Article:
There are the Issey Miyakes, Yohji Yamamotos and Rei Kawakubos trailblazing the path for Japan’s place in fashion, but you have to go to Paris to see their shows. The streets of Tokyo, however—dominated with the rainbow-haired, stuffed animal-accessorizing personalities of the Party Baby movement—could arguably be considered the nation’s real catwalk.
In his latest book of over one hundred portraits, Tokyo Adorned (out March 11), photographer Thomas C. Card explored why these women dress they way they do and found that it’s all about identity. “It’s a stark contrast of how we see ourselves in North America, where we feel that you reveal who you are by stripping down,” Card says, “versus revealing who you are by dressing up.”
Below, we caught up with Card to find out how he broke into Tokyo’s inner circle of street style icons and the sartorial appeal of the movement.
What initially interested you in Japan and how did this project come about?
I read an article in the New York Times about the crazy eye makeup that the Japanese were wearing in nightclubs, so my original idea was to photograph these people as they were going out for the evening. It never ended up happening, but after the tsunami and earthquake, I was hearing that there were new and interesting developments on the street fashion scene.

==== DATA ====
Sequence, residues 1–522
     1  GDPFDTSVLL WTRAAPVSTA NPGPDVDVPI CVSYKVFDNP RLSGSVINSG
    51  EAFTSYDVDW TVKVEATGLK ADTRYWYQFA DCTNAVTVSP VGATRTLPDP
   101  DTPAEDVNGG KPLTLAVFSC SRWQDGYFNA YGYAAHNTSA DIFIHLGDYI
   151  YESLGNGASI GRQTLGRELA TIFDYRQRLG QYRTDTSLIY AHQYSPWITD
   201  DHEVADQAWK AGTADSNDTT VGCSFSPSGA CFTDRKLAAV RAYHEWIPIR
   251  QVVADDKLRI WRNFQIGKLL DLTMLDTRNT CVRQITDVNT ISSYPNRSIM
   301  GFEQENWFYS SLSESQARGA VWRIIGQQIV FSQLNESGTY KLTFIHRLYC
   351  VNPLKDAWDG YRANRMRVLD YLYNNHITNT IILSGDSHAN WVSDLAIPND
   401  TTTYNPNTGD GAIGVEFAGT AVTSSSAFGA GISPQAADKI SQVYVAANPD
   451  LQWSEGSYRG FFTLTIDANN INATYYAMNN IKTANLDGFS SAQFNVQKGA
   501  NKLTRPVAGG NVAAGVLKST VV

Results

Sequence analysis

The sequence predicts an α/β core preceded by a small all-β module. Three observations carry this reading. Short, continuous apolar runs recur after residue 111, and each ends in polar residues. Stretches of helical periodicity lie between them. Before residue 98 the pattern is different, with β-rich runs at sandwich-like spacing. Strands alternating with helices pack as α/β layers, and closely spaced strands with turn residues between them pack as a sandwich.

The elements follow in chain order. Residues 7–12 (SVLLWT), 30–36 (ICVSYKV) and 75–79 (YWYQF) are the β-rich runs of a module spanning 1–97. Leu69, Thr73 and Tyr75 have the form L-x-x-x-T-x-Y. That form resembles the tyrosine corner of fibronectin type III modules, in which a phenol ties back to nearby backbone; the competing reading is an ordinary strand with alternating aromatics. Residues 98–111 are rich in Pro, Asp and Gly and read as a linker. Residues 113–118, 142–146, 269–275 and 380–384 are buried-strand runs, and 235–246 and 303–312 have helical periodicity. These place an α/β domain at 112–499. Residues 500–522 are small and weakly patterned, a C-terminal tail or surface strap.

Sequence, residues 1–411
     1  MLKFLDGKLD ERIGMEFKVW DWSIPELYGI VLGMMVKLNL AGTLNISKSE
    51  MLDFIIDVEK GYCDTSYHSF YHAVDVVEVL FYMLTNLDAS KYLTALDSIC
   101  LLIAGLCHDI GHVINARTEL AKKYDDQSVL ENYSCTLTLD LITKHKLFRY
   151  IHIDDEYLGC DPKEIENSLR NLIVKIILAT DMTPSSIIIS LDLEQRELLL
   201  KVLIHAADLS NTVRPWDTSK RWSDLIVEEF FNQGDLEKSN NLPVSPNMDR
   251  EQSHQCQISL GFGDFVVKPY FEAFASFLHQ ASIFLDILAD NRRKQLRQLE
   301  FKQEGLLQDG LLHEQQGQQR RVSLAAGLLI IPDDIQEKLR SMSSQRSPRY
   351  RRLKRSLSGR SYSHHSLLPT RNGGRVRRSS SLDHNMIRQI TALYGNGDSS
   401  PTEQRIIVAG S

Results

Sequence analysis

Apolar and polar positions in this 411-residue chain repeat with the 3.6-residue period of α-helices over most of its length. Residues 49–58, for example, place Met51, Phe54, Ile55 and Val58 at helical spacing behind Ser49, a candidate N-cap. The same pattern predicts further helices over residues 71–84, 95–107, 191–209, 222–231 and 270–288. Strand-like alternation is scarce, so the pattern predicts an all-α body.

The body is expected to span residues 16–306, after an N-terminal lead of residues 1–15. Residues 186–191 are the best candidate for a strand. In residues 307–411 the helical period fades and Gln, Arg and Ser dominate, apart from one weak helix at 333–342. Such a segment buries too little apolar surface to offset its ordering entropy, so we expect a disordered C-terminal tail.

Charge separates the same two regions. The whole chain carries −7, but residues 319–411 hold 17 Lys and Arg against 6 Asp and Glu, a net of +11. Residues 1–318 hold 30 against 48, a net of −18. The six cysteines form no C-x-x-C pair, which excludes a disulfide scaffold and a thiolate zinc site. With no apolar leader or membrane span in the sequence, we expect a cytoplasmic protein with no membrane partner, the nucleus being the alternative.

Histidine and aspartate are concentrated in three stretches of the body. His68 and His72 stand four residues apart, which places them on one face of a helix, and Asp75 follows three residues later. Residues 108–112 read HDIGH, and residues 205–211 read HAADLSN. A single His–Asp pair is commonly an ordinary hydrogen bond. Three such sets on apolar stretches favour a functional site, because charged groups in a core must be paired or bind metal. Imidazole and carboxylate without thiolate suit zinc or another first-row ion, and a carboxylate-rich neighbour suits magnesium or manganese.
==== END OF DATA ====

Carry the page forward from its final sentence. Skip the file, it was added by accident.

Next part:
Which is all about style as self-expression. Comparatively, here in New York and most western cultures, the statements we make with the way we dress are clearly not as loud. Is our volume for self-expression just turned down?
Here, the way we dress is just one way to show who we are. For them, it’s magnified to the need to be seen for who they are. Many of these women would tell you that you can’t really see them for who they are until they’ve gotten dressed.
One woman who has a corporate job was talking about how it’s horrible that she has to wear the corporate uniform. When she gets home at night, she immediately transforms herself into her true identity, and that’s how we photograph them. The interesting thing, though, about how people relate to that sense of identity is that it changes all the time.
Since this style is so heavily based on one’s identity and is so unique from person to person, is the concept of seasonal trends non-existent?
Trends exist, but they’re ramped up on like, a weekly scale. These women will discard something and move on to the next thing in a matter of weeks. A lot of the retailers will hire the more well-known street fashion personalities to inform them on what to stock because the trends change so quickly.
How did you get a hold of these fashion icons? Some of them have huge online followings—was it challenging to reach out to them and get them on board?
It was hard. We spent more than six months trying to find a network to work with from here in New York, and just when everybody was about to give up, I got a lucky break. An assistant stylist who started working with me in the studio is fluent in Japanese, so I asked her if she’d be willing to jump on a place and go to Japan with me to explore if we could get this project produced. We spent 16-hour days pounding the streets trying to find and cast the people that we were most interested in.